Monday morning: a delightful young man whom I was put in contact with by my baby girl’s Godparents arrives at the hotel where we are staying (until our household good arrive since we sorta need beds to sleep on) to watch the youngest two while I take the older two to finish gathering schools supplies and uniforms and cap the day off with FINALLY getting that check handed over. A couple of hours later while in the uniform store, my phone rings. It’s our doctor. One son had had some tests run because he was needing to use the bathroom a LOT for no apparent reason. Urine sample revealed blood in the urine and he wanted more tests run. On top of everything else we’ve just dealt with, this was super scary. I didn’t need this. But before I could allow my mind to wonder off into bad scenario land, the phone rings again. It’s housing. I mumble a few words in my head that I’d like to say out loud. She sounds scared. Very scared. I think she was afraid I’d materialize through the phone line and physically choke her for what she was about to say: Mrs. Huber, are you locked into a lease yet? Um…HELLO!?!?! Did we NOT just have this conversation 3 days ago?!?!? But I remain calm, “maybe.” That’s all I could say. She goes on to tell me that they MAY have a 5 bedroom house for us just 2 exits down from where my husband is working. There is one family ahead of us on the list who are still in a hotel just like we are and they MUST give their answer to housing by 2 pm that very day. My response, “Yes. We are very interested. I have to know by 2/2:30ish though and in the meantime I will make some calls about getting out of the lease.” We hang up. WHAT ON EARTH IS GOING ON?!?!?!?! My son could maybe be seriously ill. We might not be living the home we thought we were going to live in because we may instead be living in the house we had wanted to live in. This isn’t confusing at all, nor overwhelming!!! I do my best to call the property manager to begin this awkward conversation. She picks up quickly and for some reason, I immediately go into the days’ news chronologically which means I start out by telling her about the call from the doctor even though it seemingly has nothing to do with why I called her. She cuts me off in the most soothing, reassuring voice I’d ever heard from her, “Amanda, you do what you have to do, do you hear me? YOU do what YOU have to do to take care of your family. You may need to be closer to Tripler Hospital, no? Do what you have to do and call me later today…it’s okay.”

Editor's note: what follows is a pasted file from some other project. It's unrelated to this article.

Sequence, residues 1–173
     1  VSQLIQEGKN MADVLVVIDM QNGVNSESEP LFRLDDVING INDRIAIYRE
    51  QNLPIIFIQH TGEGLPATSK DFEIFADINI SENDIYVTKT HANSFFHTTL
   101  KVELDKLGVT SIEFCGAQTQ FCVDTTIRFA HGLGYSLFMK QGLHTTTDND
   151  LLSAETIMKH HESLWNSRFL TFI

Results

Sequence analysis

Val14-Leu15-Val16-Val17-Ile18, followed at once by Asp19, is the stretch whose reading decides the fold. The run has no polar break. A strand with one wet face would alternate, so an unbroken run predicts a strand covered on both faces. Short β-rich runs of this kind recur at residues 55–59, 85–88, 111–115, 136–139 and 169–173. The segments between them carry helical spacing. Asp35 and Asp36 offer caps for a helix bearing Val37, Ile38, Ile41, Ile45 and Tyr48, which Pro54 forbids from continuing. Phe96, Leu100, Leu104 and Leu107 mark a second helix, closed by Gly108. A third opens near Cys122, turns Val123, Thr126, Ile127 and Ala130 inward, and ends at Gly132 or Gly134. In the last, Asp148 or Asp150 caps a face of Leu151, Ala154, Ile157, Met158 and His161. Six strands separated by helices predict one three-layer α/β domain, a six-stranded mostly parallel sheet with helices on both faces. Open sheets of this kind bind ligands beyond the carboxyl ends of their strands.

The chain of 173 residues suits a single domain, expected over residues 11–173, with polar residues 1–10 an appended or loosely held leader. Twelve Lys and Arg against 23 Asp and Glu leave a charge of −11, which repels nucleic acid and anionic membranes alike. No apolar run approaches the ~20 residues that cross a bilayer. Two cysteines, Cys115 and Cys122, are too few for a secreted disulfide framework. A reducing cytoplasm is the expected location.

Pushing all beverages aside because they really don’t matter anymore, look me in eye because I NEED you to know how serious I am when I say this. When she hung up I shivered. Not because I was cold but because of the chills that had just been sent down my spine. NONE of this was supposed to happen. NONE OF IT! A private school that needs the money doesn’t just blow off $800. A property manager (for a very picky owner) doesn’t forget–and keep putting off collecting-a check for $5500. The same property manager doesn’t basically just invite you to walk away from the contract without you even asking.